By M.R. Conrad. Reposted from Rooted Thinking.
How do you choose your friends? Your mom likely helped you choose your first friends. She probably told the mothers of your classmates, “I want my kids to have good friends so they stay out of trouble.” University professors exhort their students to network to gain connections to move up in their fields. “It’s not what you know but who you know,” the experts often repeat. But left on your own, how do you go about choosing friends? What common interests draw you to other people? What are you looking for in a friendship?
Timeless Truths for Choosing Friends
At age 25, Henry Martyn boarded a ship for India.1 You might call him the “Father of Tentmaking Missions.” Nobody calls him that, but that’s what he did in 1806 long before tentmaking trended in missiological circles. He took a job as an Anglican chaplain for the East India Company so he could take the gospel to countries in Asia and the Middle East that did not welcome missionaries. Arriving in Calcutta, Martyn traveled north to Serampore to befriend William Carey and his team of Baptists.
1. Seek Friends More Spiritually Mature Than You Are.
The day after his first meeting with Carey, Martyn wrote in his journal: “I feel pressed in spirit to do something for God. Everybody is diligent, but I am idle; all employed in their proper work, but I tossed in uncertainty; I want nothing but grace; I want to be perfectly holy.” He continued, “I have hitherto lived to little purpose, more like a clod than a servant of God; now let me burn out for God.”2 The sparks of William Carey’s passion for God stoked the fire in the soul of Martyn to live for God.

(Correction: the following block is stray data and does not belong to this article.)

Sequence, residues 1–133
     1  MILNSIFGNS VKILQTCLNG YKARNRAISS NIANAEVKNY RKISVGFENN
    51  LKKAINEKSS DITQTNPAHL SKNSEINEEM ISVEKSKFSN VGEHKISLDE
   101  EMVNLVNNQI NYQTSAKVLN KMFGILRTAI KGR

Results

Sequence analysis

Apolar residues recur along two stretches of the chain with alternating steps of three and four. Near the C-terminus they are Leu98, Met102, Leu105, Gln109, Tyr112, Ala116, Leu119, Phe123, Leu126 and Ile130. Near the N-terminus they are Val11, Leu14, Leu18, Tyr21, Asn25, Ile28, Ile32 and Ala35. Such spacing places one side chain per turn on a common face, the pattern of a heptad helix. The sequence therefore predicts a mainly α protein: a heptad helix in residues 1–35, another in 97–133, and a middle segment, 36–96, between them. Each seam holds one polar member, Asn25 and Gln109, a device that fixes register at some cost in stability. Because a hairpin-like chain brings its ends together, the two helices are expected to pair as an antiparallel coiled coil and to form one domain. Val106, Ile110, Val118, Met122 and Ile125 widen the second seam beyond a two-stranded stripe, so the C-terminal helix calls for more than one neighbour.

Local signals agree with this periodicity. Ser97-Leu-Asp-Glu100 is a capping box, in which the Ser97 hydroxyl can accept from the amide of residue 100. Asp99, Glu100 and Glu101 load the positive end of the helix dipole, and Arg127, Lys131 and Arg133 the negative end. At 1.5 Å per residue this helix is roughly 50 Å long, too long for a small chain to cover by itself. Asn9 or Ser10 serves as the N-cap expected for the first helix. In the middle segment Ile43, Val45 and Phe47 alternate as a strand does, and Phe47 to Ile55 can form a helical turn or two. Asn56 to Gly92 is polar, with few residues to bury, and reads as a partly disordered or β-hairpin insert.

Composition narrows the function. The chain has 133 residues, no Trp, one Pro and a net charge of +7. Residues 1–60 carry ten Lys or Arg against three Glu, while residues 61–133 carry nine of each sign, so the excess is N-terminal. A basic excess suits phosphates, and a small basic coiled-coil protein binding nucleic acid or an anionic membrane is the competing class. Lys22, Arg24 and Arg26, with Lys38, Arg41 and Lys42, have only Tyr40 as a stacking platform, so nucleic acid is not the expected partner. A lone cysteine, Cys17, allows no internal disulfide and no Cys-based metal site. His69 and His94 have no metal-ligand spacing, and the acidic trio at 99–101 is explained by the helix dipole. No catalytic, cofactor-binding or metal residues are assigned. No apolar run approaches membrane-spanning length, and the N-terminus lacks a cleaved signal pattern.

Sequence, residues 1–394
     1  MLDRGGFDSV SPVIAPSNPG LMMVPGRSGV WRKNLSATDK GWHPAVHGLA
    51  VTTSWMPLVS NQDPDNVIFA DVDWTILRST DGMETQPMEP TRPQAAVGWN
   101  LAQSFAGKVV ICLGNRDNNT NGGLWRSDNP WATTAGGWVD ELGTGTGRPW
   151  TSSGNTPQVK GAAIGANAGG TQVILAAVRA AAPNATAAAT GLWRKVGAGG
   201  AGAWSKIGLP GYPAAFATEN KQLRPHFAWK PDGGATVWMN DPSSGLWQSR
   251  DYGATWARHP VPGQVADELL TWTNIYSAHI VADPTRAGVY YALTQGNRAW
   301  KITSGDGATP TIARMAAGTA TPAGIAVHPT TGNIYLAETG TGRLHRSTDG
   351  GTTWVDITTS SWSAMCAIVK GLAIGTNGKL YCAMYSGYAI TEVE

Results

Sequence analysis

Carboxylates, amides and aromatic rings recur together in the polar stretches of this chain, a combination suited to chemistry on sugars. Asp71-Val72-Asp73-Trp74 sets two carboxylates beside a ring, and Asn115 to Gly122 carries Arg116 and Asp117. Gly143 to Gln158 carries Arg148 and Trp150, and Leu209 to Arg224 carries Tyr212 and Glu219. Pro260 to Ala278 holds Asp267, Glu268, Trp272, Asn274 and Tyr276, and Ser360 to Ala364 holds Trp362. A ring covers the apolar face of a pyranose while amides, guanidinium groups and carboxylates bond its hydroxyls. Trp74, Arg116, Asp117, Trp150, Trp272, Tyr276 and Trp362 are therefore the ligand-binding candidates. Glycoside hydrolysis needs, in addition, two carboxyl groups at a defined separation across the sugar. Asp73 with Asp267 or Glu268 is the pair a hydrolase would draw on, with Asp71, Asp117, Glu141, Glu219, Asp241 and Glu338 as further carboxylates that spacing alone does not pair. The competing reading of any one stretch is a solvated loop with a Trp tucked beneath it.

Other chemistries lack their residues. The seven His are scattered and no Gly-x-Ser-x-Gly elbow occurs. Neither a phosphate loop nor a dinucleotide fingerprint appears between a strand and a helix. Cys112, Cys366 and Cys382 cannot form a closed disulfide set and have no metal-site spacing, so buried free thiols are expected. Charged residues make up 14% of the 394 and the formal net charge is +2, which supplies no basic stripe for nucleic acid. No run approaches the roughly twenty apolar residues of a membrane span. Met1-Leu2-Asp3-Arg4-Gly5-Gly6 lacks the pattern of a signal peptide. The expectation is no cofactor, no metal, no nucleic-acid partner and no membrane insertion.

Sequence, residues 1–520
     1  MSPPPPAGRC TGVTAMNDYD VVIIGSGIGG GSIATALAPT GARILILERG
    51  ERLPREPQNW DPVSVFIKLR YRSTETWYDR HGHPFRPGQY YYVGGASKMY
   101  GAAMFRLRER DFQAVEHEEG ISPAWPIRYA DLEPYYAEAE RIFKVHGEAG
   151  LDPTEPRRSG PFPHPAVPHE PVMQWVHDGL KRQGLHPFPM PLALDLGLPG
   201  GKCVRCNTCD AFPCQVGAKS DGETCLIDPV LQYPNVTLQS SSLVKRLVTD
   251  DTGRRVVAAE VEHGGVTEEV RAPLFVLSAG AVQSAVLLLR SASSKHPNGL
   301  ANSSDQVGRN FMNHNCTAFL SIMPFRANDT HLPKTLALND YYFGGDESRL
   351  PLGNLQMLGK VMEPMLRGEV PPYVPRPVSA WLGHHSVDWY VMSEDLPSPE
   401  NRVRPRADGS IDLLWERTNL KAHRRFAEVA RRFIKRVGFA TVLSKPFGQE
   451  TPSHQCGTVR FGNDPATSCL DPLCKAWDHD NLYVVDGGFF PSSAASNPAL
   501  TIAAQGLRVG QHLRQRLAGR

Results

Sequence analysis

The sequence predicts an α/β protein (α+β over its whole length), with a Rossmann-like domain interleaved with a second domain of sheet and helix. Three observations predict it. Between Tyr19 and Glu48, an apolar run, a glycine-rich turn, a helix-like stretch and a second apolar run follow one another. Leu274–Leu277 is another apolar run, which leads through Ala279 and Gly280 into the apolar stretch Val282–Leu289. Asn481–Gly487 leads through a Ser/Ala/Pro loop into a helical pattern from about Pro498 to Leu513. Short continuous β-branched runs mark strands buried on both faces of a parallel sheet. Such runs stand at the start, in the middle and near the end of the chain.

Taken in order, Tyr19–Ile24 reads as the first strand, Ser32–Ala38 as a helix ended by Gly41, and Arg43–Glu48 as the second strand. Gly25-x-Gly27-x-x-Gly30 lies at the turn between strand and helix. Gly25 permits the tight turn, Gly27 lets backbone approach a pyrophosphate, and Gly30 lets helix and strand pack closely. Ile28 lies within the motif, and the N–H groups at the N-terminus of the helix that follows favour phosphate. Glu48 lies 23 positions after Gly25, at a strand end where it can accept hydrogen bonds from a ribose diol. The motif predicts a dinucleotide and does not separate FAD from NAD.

2. Spend Time with Those Who Push You Closer to God.
Not long after his arrival in India, Martyn moved into an abandoned pagoda near Carey’s team. He found the company of Carey’s co-worker David Brown particularly inspiring. He wrote: “Went up to Serampore with Mr. Brown, with whom I had much enlivening conversation. Why cannot I be like Fletcher and Brainerd, and those men of modern times? Is anything too hard for the Lord? Cannot my stupid stony heart be made to flame with love and zeal?”3 What we see in our godly companions should stir us to become more like Christ.
3. Engage in Uplifting Spiritual Conversation with Your Friends.
A few months later, Martyn again spoke of the influence of his godly companions in Carey’s team: “At night [Joshua] Marshman came, and our conversation was very refreshing and profitable. Truly the love of God is the happiness of the soul! My soul felt much sweetness at this thought, and breathed after God.4” Our conversations with friends should include substantive, spiritual topics.
4. Be Open to the Spiritual Counsel of Your Friends.
At times, Martyn’s conversations with his new friends became quite personal. “Had some conversation with Marshman alone on the prospects of the Gospel in this country, and the state of religion in our hearts, for which I felt more anxious… . my pride was a little hurt by Marshman’s questioning me as the merest novice. He probably sees farther into me than I see into myself.5” Yet this is what young Martyn needed, and we need such accountability today too.